Cerebral hyponatremia: salt wasting syndrome vs SIADH

The story of neurological hyponatremia is probably as interesting as the management is complicated. While early reports (where side effects of therapy cannot have played a role) clearly depicted salt wasting, the discovery of SIADH left the salt wasting syndrome forgotten until rediscovered in the 80ies, not the least by Wijdicks, who then saw it everywhere.

Start out with any patient on your neurocritical ward, say a subarachnoid hemorrhage patient, who develops hyponatremia. Before you think, grab all data you can get, such as

  • history (fluid balance, speed of development, drugs, …)
  • examination (hypovolemia vs. eu- or hypervolemia)
  • osmolality, Na, K, Cl, uric acid, urea/BUN, creatinine, TSH, (cortisol level if in doubt)
  • urine osmo, Na, K, Cl, uric acid, urea/BUN, creatinine

Then open your favorite textbook, review article or any proper neurocritical care reference (such as those below) to arrive at a categorical diagnosis. Most of the time, it will be diuretic-induced, but in your Neuro patient it could also be neurological hyponatremia, meaning

  • we don’t know where it comes from,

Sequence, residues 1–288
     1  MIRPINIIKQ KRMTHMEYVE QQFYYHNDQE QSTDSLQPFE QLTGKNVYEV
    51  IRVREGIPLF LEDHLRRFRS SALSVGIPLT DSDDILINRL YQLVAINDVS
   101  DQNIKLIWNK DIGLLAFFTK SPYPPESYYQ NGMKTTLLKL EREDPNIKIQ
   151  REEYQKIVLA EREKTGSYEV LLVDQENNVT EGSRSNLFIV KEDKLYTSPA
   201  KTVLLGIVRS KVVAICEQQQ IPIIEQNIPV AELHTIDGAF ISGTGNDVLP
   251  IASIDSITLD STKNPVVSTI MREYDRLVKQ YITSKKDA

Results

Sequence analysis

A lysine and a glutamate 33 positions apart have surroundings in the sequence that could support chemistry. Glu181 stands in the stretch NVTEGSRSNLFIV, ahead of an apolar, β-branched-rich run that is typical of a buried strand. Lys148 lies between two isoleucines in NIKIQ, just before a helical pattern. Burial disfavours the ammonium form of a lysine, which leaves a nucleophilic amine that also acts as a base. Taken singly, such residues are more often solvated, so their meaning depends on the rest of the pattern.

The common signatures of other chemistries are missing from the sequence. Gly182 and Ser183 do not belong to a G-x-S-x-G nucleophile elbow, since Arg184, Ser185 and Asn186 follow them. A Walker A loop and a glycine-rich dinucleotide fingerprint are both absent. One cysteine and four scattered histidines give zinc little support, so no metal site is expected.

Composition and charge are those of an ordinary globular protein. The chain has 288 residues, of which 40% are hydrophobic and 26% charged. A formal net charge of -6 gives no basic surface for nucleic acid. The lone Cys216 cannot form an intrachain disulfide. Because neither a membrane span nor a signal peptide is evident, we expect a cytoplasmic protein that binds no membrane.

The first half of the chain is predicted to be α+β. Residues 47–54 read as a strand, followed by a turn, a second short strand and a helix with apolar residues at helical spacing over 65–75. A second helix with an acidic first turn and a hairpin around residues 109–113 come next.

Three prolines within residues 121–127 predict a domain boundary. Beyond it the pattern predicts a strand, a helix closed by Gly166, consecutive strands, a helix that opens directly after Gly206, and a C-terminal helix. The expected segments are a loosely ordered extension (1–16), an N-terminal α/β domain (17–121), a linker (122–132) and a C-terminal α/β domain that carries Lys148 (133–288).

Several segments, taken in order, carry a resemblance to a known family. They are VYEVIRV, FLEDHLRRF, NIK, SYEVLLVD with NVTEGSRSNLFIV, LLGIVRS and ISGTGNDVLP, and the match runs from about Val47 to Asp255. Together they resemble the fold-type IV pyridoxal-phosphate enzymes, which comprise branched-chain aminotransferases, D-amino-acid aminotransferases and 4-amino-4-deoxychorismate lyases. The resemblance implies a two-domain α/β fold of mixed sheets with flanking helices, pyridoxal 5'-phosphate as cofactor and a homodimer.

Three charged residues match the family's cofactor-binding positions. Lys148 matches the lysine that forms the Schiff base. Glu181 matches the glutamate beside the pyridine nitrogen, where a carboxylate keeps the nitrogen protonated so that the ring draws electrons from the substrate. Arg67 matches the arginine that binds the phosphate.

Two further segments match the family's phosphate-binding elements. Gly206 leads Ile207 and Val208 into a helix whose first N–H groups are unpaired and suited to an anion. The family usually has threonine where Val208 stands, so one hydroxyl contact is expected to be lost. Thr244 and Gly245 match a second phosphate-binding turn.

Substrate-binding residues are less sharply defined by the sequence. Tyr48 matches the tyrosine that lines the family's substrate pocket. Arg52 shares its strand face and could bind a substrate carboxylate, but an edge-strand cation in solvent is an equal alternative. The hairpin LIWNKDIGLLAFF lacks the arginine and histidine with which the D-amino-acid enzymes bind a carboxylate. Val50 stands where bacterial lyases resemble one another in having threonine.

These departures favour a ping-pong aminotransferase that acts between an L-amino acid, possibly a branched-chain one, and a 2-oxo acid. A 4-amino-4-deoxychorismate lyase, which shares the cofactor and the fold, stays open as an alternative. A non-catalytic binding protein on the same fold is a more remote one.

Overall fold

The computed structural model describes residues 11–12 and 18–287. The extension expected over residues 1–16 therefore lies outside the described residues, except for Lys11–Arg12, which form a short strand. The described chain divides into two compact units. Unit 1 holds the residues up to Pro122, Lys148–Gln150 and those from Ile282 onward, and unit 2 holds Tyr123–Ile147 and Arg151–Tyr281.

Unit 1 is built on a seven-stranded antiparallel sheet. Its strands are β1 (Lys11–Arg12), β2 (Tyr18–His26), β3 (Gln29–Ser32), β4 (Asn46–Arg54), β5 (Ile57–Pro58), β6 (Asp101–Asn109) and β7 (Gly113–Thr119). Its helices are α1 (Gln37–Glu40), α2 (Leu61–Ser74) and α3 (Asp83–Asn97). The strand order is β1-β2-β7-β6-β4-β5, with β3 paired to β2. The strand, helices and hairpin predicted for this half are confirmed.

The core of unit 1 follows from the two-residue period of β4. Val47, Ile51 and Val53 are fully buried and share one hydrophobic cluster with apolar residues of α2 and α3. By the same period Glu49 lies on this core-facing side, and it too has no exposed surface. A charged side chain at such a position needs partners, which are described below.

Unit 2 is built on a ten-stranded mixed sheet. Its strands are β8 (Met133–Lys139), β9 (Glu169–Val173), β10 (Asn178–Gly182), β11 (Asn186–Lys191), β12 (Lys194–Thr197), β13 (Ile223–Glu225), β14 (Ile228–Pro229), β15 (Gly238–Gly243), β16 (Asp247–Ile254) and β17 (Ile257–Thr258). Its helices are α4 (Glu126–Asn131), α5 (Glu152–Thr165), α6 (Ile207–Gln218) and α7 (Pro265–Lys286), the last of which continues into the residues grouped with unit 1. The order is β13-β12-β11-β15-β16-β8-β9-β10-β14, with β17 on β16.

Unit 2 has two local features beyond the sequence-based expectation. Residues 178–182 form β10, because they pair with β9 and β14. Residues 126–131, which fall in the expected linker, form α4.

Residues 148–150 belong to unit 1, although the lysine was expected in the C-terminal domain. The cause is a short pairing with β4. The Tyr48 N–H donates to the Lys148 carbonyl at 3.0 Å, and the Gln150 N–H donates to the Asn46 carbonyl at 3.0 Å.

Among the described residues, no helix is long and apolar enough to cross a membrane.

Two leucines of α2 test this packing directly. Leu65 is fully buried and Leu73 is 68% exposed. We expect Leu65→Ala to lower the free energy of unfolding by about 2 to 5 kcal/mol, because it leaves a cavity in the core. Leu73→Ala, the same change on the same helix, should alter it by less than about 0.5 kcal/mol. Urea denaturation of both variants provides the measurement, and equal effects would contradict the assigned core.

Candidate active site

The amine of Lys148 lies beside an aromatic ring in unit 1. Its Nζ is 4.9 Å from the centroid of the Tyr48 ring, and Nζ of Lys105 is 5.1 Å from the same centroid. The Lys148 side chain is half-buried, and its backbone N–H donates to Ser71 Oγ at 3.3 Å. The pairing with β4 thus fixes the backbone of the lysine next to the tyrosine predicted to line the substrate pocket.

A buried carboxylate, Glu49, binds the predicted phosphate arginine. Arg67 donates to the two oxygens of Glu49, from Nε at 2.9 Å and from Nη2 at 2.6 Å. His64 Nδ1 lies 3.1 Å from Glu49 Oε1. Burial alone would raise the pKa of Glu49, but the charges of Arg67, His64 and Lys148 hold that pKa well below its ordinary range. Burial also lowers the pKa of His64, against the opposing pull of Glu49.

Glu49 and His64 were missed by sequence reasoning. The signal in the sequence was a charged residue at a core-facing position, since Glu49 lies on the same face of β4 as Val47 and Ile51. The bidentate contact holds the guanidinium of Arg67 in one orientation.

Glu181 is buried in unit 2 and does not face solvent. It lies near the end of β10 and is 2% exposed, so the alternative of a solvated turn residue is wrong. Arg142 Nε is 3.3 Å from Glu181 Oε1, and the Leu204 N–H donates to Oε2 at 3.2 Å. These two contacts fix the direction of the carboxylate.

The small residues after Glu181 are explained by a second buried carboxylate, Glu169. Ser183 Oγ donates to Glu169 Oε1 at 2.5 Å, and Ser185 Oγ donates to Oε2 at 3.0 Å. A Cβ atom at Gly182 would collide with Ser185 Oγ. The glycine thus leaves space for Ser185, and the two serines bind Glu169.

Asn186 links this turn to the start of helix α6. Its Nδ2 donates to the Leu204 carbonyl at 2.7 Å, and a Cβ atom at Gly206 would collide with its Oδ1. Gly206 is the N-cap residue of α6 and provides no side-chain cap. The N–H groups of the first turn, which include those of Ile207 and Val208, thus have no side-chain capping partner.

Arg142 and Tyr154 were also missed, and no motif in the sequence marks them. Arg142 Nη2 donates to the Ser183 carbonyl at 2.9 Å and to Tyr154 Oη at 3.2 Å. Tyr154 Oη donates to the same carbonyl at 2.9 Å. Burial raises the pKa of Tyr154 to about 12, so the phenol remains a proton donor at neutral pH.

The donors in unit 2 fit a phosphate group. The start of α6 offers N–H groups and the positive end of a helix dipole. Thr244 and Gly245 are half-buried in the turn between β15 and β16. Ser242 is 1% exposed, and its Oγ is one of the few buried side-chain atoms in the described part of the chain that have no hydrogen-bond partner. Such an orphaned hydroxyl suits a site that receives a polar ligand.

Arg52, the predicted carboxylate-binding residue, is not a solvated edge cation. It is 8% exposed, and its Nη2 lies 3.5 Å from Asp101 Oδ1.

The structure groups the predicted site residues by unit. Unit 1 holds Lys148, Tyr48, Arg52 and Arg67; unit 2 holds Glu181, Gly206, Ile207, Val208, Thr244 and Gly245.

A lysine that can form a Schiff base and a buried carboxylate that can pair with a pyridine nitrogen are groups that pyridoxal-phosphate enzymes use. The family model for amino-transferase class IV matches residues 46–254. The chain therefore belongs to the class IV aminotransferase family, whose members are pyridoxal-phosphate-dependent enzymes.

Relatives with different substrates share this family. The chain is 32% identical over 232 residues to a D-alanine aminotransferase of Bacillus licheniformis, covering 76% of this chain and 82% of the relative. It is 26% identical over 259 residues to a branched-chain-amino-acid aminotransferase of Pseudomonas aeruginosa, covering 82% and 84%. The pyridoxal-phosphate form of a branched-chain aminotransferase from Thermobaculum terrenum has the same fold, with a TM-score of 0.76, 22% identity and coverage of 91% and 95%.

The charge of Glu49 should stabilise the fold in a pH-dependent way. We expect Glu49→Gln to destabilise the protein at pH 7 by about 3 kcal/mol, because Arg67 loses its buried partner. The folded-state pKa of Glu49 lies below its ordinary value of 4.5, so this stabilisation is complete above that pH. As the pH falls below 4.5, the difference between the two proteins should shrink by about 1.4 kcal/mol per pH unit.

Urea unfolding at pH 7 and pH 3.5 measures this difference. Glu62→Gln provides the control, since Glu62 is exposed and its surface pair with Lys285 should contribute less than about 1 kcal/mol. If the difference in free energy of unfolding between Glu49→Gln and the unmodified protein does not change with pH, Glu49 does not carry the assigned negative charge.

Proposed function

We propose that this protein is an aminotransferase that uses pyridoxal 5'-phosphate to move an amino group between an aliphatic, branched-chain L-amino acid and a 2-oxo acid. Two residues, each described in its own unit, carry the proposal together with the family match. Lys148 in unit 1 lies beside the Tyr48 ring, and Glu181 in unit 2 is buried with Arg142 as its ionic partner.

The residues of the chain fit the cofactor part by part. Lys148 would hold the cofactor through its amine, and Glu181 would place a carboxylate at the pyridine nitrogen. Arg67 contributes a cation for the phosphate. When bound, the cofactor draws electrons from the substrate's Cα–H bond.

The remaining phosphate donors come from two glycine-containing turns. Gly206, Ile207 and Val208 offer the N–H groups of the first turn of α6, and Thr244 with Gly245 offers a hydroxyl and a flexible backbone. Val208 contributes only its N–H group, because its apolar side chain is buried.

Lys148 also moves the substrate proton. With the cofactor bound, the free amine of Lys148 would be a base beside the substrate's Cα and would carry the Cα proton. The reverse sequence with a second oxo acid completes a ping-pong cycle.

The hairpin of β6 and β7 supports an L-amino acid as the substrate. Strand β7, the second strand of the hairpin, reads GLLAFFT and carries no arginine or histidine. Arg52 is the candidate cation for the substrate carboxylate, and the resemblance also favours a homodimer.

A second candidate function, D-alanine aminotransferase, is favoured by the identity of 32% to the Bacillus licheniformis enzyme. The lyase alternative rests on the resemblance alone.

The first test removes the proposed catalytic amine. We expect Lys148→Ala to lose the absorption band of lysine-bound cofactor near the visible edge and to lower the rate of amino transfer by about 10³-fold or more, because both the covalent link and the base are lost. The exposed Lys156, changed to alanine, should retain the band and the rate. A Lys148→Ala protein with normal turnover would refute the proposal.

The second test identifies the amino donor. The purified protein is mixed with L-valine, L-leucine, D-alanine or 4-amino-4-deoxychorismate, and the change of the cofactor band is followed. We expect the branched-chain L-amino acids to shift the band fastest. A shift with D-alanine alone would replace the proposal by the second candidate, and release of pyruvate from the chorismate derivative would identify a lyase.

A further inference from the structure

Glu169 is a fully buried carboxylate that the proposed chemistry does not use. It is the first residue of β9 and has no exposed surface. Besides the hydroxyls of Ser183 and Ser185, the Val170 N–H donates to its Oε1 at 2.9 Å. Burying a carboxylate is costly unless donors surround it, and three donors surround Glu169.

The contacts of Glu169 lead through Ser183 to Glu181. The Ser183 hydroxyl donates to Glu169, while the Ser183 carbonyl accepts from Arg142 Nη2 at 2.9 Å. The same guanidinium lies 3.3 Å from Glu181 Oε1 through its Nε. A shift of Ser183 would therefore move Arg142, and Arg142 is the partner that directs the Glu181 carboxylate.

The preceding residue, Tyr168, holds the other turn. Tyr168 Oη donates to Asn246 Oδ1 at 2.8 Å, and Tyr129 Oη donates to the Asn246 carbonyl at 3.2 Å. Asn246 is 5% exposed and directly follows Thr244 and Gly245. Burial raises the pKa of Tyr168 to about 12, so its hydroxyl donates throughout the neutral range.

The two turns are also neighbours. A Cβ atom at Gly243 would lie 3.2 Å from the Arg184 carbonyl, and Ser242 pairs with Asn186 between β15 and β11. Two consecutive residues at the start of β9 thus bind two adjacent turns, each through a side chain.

• it has to do with the patient’s disease (rather than our treatment) and
  • it looks like SIADH, but could also be CSWS.

The problem is that both diagnoses might be unstable over time (what looks like SIADH today, can waste salt tomorrow) and that the volume status is the arbiter between them, while clinical assessment of volume status is difficult at best – we all know how bad CVP is for deciding the volume status and all other physical signs fare even worse. And how do you judge the volume status of your septic right heart failed hypalbuminic swollen post-SAH patient?

In these difficult cases  I recommend  to just give some saline, say 500-1000 cc. Then give the patient some time (say 1 hour) and remeasure sodium – if it is not worse, your strategy was fine. Otherwise try the management of SIADH (which includes vaptans nowadays). By the way – fludrocortisone can be helpful in either case.

Of course, you have to remember the 0,5 mmol/h maximum rule – if Na rises more quickly, counter that with D5.

With this strategy I am not as tough as Sterns his in his block-diuresis-and-fill-up-the-sodium-slowly approach, as recently studied in this series (which has not been tried in Neuro patients).

References